When I first start, I’m writing to discover, which is why things change. I’m allowing for adaptations, realisations, character development.  Then comes the typing up, changing, and about five rounds of editing! 

All of that seems so far off right now! But I’m chugging away at it so it’s ready for deadline on the 1st May. Terrifying.

 

Next Week: The Blog Hop moves on to two brilliant writers and creatives:

 

Louise Davidson 

 

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Louise Davidson is a writer, free-lance script-reader, dramaturg and PR executive. She graduated from the University of East Anglia and has worked in theatre for the last four years, doing everything from directing to ushering. She has acted as Assistant to the Director on shows such as Uncle Vanya at the Lyric Theatre and Land of Giants as part of the Cultural Olympiad and is a script-reader for Tinderbox Theatre Co. and Accidental Theatre Co. For the last year, Louise has worked in PR, specialising in Arts Marketing and PR. She has written two plays, various flash fiction, and is currently working on a novel.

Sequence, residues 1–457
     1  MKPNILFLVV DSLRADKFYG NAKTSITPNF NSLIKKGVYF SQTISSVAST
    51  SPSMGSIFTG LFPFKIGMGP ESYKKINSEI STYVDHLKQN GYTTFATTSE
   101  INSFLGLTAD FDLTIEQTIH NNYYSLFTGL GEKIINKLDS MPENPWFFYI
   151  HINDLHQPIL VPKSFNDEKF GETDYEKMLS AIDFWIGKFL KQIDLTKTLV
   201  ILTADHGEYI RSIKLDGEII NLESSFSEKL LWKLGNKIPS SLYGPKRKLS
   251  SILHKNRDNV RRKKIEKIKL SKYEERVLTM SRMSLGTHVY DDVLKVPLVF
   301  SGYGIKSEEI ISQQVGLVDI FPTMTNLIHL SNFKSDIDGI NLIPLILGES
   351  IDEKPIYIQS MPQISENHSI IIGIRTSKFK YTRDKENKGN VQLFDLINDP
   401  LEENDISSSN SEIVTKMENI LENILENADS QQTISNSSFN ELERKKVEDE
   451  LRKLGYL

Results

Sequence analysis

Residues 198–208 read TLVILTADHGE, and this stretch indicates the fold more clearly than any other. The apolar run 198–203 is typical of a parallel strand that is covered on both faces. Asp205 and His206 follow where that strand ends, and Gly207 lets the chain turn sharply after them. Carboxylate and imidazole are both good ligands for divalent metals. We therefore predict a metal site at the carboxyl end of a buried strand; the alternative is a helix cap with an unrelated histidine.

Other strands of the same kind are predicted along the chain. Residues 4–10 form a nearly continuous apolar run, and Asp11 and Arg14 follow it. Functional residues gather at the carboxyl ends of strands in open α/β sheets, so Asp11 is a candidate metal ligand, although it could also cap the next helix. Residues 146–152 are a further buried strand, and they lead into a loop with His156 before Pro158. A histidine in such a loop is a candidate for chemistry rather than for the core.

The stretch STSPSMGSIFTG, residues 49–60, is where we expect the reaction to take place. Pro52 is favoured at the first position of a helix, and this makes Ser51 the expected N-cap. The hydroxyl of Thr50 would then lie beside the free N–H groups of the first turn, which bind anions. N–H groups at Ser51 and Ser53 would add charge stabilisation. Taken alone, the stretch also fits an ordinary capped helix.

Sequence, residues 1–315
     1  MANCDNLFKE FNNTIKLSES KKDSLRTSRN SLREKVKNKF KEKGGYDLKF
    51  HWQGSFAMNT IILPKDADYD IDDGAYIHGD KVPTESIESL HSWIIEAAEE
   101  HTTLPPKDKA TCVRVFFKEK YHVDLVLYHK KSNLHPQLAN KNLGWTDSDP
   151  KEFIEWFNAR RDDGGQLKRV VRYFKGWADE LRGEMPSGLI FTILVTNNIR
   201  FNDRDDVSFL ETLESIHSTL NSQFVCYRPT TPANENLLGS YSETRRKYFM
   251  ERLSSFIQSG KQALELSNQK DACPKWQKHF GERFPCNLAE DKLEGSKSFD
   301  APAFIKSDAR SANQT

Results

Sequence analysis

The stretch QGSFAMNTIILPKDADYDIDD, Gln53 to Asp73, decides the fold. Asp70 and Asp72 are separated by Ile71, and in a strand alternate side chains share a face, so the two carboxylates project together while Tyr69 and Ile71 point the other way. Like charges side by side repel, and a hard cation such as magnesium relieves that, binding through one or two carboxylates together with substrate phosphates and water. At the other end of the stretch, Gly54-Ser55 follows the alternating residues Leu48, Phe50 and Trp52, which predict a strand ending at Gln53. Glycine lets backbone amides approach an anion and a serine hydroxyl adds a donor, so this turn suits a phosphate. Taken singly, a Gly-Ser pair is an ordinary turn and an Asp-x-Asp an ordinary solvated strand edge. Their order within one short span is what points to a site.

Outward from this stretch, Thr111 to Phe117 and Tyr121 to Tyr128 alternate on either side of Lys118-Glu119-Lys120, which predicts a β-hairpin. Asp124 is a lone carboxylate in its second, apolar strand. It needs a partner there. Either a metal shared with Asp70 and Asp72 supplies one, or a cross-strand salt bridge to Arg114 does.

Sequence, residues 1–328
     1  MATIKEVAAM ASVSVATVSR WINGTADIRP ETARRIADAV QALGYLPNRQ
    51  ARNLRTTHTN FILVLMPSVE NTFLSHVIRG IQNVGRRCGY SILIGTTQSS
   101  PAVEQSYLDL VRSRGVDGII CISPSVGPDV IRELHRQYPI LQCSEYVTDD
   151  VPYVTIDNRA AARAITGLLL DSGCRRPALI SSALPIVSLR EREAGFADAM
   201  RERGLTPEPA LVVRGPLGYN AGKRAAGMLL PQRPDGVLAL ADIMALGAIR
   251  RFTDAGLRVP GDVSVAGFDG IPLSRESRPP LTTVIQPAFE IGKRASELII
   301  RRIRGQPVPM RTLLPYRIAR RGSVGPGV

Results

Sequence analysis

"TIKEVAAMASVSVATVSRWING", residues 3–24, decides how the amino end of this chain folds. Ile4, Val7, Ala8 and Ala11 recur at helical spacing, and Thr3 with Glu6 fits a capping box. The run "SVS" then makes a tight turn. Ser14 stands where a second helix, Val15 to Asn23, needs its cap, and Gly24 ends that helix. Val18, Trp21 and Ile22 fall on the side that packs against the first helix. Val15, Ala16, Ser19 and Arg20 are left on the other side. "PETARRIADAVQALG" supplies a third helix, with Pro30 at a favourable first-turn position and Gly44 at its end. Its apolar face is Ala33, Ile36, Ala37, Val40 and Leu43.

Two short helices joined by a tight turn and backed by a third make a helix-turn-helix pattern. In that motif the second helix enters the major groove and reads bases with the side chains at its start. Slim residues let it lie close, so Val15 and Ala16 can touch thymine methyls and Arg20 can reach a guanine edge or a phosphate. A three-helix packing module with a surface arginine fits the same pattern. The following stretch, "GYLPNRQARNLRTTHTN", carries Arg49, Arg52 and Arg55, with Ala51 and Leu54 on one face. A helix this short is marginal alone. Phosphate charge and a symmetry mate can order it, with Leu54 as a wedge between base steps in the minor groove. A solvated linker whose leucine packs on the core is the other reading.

Check out her entry here 

 

 

 

 

 

 

 

 

 

 

Annie Harris

 

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Annie is a 23-year-old actress, theatre producer and blogger living in North London.
 
After graduating from the London College of Music in 2011 with a degree in Musical Theatre, Annie networked her way through the scary, bustling city that is London with a tummy full of caffeine and a backpack full of business cards.
 
Recently, she’s written articles for [Miro Magazine](www.miromagazine.co.uk) and [Youth Arts Online](www.youthartsonline.org), been featured as an incredibly dumpy and spoilt young woman in Kenneth Branagh’s adaptation of the classic Walt Disney film, Cinderella, and has recently dipped her toe into the world of vlogging by becoming a [Youtube Partner](www.youtube.com/missannieharris). 
 
When she’s not busy poking her nose into other people’s lives, you can find Annie tending to her fast-wilting coriander plant, fantasising about taking up pole dance classes, or singing 80’s power ballads in the shower.
 
You can find Annie on Twitter [here](www.twitter.com/ubermagee).